Apples—we typically bring about 15 bushels to the market. It’s been a good summer for us. [Our most popular offerings] are SweeTango apples, along with peaches.

When is your busiest harvest time and what’s it like?
Right now. During cherry season, we’re up at 5am and out the door. Now, we’re waiting for the sun to rise so we can start. Typically it’s 7am until 7pm.

What’s the fastest you’ve sold out—either one product or the whole market?
Peaches! We brought seven lugs, but underestimated how popular they were.

What’s an under-the-radar crop people should try?
I would say the SweeTango apple. It’s the trademark club apple that everyone can’t grow. It's a great apple. We mainly only sell that at the market just to get the apple out there. We also have a self-serve stand at the farm so people can get it fresh.

What’s your favorite crop to grow?
I love them all—it depends on what is ripe. When cherries start, I can’t get enough of them and wouldn’t think of eating anything else. But when cherries end, it’s peaches, and the same for apples. 

The Birds and the Beasts: Morganic Farm

This farm, nestled between Fife Lake and Kingsley on M-113, is owned and operated by Stuart Morgan Kunkle. He offers grass-fed beef and lamb, pastured pork, chickens, turkeys, and ducks, along with free-range chicken and duck eggs.

What’s your most popular offering at the market?
Eggs, but everything sells pretty well. We have 20 pigs, 50 sheep, 23 goats, 25 turkeys, 180 hens, and 150 broiler chickens. Along with our store at the farm, the market is our number one outlet. We’ve been here seven or eight years now.

When is your busiest harvest time and what’s it like?
Lamb, goat, and pork are harvested year-round. Chickens, ducks, and turkeys in late summer. It’s crazy now because the animals mature and there’s pretty decent demand for all.

What’s the fastest you’ve sold out—either one product or the whole market?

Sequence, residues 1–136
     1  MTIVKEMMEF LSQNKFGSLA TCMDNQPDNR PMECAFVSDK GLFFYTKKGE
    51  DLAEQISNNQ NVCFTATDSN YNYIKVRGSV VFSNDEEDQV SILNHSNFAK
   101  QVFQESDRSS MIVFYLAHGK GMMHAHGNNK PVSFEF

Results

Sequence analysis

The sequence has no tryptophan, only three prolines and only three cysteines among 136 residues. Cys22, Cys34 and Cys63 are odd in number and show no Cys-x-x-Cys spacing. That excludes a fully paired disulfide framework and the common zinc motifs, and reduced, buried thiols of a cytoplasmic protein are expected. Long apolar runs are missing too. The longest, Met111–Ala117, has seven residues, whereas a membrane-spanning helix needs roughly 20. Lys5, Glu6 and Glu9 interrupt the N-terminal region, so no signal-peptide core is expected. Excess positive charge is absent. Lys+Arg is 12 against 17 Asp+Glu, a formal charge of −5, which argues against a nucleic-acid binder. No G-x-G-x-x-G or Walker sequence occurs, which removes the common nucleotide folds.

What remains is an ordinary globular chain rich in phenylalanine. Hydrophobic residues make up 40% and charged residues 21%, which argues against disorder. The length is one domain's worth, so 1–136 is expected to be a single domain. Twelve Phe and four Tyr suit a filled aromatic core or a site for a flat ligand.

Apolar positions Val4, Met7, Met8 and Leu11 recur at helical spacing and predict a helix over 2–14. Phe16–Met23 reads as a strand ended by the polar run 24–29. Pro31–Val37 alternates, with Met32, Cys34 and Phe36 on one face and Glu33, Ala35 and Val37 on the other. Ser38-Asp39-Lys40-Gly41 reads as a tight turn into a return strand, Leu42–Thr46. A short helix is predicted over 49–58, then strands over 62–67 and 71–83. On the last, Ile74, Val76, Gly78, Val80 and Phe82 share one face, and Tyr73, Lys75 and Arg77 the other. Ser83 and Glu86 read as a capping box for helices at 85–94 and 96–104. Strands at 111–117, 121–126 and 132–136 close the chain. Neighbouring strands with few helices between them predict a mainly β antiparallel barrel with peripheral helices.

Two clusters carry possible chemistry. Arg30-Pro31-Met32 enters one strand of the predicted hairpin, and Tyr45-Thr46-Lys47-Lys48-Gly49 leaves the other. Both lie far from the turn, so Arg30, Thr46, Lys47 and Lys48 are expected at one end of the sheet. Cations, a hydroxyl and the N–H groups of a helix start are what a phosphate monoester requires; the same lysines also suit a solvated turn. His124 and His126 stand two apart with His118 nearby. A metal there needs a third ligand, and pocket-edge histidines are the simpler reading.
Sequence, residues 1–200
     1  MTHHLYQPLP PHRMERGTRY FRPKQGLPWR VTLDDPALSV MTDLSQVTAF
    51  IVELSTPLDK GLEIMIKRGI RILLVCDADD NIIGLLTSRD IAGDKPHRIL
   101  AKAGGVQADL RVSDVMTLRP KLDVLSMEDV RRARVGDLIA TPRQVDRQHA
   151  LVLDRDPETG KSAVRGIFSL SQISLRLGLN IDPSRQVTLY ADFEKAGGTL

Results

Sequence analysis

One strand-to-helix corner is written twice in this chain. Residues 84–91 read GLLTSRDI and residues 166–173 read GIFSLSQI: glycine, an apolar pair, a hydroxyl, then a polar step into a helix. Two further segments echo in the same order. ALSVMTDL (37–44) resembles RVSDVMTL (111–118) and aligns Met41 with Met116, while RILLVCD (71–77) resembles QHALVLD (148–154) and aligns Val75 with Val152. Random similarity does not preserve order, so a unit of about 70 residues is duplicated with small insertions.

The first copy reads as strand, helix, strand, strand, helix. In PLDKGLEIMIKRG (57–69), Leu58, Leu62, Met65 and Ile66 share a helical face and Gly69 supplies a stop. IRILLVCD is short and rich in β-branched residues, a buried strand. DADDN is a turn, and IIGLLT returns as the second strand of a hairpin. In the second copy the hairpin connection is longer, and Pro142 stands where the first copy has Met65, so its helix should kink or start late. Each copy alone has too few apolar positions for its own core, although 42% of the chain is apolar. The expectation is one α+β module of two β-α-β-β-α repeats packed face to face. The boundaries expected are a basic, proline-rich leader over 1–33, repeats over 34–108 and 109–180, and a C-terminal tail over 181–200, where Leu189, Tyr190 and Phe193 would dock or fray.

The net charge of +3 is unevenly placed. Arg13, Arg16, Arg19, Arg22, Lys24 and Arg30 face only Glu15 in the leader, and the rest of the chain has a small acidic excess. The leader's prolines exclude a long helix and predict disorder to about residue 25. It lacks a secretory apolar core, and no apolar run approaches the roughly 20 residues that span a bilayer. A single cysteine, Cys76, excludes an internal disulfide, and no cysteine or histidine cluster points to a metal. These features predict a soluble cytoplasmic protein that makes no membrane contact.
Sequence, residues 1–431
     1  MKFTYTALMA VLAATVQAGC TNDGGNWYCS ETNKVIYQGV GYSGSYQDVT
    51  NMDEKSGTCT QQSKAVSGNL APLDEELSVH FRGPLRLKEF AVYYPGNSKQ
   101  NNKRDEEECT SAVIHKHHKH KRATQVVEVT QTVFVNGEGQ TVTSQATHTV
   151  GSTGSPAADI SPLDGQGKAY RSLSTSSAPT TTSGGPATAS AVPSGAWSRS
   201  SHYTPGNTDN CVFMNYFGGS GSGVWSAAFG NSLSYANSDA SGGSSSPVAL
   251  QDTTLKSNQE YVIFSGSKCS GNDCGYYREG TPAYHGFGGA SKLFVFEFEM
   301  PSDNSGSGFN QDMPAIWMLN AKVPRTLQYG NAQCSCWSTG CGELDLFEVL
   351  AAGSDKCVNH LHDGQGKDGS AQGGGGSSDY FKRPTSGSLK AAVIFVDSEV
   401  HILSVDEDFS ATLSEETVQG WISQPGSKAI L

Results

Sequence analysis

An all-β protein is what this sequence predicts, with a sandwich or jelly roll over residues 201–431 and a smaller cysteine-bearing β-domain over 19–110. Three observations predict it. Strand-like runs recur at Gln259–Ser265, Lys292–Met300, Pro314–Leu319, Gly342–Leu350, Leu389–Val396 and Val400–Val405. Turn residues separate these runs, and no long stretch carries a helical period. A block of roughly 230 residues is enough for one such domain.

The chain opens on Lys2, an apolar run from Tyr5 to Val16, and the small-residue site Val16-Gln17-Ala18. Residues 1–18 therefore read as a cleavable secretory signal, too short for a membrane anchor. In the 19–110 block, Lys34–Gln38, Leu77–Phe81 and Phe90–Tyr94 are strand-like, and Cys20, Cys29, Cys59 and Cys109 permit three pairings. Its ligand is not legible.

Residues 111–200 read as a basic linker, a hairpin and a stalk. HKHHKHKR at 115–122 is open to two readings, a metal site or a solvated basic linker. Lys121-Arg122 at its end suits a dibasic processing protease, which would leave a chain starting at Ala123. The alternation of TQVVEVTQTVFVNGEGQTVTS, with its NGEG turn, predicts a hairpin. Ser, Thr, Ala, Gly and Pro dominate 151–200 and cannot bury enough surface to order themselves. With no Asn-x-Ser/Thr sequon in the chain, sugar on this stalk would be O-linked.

One time I brought 28 dozen eggs and they sold out. Weather plays a role in it too; when the weather’s bad, sales are slower.

What’s an under-the-radar product people should try?
Goat—it’s awesome. The rest of the world eats goat, but we in the U.S. don’t. It's an economical livestock. Flavorwise it’s somewhere between lamb and deer, not a super strong flavor. If you like lamb, you’ll love goat.

What’s your favorite livestock to raise?
For social reasons, I love the goats. For a product, I like sheep. And I’m amazed by turkeys, how well they forage. We’re already taking deposits on our turkeys for Thanksgiving.

Tomato Time: TLC Farms

TLC Farms is owned and operated by husband and wife duo Joe Vanderbosch and Anne Cunningham. It's a hydroponic farm at 4030 Setterbo Road in Suttons Bay that’s home to popular heirloom and cherry tomatoes.

Which crop do you grow the most?
Tomatoes and lettuce. We harvest twice a week: 2,500 to 2,600 pounds a week.

When is your busiest harvest time and what’s it like?
We’re busiest in July and August. That’s when the demand is up.

What’s the fastest you’ve sold out—either one product or the whole market?
Oh, cherry tomatoes. One time we brought about 50 pounds and they were gone by 9am on a Saturday!

What’s an under-the-radar crop people should try?
People should try our beefsteak tomatoes; they’re sometimes overlooked. And head lettuce is nice, with different textures and colors. Our bibb lettuce is most popular, but we also grow Romaine, leaf lettuce, and arugula.

What’s your favorite crop to grow?
Jimmy Nardello peppers from Italy. It’s a sweet pepper with a very unique flavor.